By Ruder Ware Alumni
December 1, 2009
Mom (or Dad) has become more than a little forgetful. Dad (or Mom) is deceased (or is mentally incompetent). Mom has some medical conditions, but she still lives in the home in which you grew up. She is on Social Security. She has some savings, some stocks, some insurance, and the family cottage up north.
You have several brothers and/or sisters. As with most families, there is some “emotional baggage” from long-unresolved conflicts among Mom and her children. Perhaps you live closer to your Mom than your siblings. Or not. Perhaps you have more financial, experienced-based, or psychological resources. For whatever reasons, it seems that you are the one most suited to be Mom’s “power of attorney.” You quickly sign a “Durable Power of Attorney” and a “Power of Attorney for Health Care.” You think nothing of it. You should.
You do not realize it, but in the eyes of the law, which dates from the Roman Empire, you are now a “fiduciary.” What does that mean? In Latin “fides” means “faith, honesty, confidence, trust, veracity, honor.” A fiduciary acts as a trustee in the best interests of another person in scrupulous good faith and candor. Generally speaking, this means:
When making financial or health care decisions on Mom’s behalf, making certain that you keep Mom’s best interests firmly in mind;
Never putting any other person’s interests (this includes you) above Mom’s best interests;
Keeping complete and accurate records of everything you do on Mom’s behalf so that you would be able to truthfully account under oath in a court of law that all of the decisions, expenditures, gifts, donations or transactions of any kind were made in Mom’s best interest.
To serve as a fiduciary is a serious undertaking. Those who do so in a thoughtless manner, or in a manner influenced by sibling rivalries or family “elephants on the table” may cause Mom and themselves trouble. Those who do so willfully and knowingly may cause themselves big trouble not only in civil law, but in criminal law as well.
In order to act in Mom’s best interests you will probably have to become educated about things such as advance funeral planning, how life insurance policy payments to beneficiaries may be structured, tax ramifications, and many other topics. One area of particular concern is whether Mom might outlive her assets (as most elderly persons do). Eventually, Mom may need Medicaid in order to be cared for in a nursing home. The rules that govern eligibility for Medicaid are strict. If Mom is not eligible for Medicaid as soon as her need for nursing home services arises, the results for Mom can be harsh. You need to understand clearly how the Medicaid eligibility rules apply long before you sign the Medicaid application (while wearing your “fiduciary hat”).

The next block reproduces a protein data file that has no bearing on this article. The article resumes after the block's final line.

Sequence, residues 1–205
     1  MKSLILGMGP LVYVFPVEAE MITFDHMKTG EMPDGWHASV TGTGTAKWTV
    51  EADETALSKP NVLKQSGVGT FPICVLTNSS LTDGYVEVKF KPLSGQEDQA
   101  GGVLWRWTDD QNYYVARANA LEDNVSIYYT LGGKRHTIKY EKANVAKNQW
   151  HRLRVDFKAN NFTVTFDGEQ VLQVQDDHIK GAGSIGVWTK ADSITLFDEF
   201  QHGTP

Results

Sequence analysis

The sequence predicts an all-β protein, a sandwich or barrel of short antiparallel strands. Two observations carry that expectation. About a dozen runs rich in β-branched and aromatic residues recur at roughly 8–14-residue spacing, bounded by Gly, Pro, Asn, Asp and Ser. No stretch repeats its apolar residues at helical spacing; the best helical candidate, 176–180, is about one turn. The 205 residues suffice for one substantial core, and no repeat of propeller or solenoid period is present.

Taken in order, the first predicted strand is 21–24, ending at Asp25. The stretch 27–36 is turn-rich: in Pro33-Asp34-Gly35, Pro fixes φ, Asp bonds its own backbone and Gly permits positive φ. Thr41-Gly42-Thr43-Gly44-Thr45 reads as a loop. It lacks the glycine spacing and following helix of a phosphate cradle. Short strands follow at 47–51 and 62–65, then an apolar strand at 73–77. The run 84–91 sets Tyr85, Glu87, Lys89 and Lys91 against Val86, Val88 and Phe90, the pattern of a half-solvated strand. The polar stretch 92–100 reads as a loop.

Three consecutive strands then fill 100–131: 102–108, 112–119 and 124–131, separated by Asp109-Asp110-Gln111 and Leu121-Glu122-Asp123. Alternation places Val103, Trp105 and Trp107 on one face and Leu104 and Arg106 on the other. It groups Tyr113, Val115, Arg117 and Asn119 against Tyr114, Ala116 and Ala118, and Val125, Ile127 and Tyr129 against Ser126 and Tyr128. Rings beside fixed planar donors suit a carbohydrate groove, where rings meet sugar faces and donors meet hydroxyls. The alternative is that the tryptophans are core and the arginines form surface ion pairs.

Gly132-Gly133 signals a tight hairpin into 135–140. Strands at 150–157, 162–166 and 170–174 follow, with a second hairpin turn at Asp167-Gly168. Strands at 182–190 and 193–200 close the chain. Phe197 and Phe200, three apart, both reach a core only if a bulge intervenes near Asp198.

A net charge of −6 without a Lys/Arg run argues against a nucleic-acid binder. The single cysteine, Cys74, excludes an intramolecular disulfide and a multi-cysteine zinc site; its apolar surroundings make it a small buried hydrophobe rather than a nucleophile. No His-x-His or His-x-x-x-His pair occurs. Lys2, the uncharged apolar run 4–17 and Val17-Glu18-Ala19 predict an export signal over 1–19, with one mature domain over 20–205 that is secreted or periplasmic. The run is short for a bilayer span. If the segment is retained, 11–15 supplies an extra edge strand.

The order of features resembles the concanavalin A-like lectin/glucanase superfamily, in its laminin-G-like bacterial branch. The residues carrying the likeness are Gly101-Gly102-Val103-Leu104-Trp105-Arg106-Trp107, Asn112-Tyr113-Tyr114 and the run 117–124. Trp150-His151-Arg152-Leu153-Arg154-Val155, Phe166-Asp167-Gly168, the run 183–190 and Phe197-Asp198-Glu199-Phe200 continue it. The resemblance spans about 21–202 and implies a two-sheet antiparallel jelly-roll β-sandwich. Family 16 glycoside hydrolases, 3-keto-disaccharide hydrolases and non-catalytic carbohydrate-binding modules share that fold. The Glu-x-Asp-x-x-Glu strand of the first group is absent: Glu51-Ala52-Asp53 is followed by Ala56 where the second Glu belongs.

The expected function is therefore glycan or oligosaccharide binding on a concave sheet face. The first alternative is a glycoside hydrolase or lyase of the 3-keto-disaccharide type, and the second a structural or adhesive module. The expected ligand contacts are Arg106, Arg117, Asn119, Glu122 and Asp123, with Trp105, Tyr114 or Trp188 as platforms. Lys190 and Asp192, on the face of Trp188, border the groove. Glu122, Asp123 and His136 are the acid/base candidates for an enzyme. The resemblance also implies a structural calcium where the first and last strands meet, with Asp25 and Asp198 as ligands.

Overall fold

You do not want financial or legal problems to arise for Mom, for Mom’s estate, or for yourself. In order to prevent problems like those from arising, you need sound legal advice from one who is well-versed in the law of Medicaid eligibility, estate planning, probate, and fiduciary duty, among others. If such problems have (or potentially have) arisen, you may need representation for a variety of court proceedings.
If you have questions regarding the above, please contact Russ Wilson, the author of this article, or any of the attorneys in the Trusts & Estates Practice Group of Ruder Ware.
This document provides information of a general nature regarding legislative or other legal developments, and is based on the state of the law at the time of the original publication of this article. None of the information contained herein is intended as legal advice or opinion relative to specific matters, facts, situations, or issues, and additional facts and information or future developments may affect the subjects addressed. You should not act upon the information in this document without discussing your specific situation with legal counsel.
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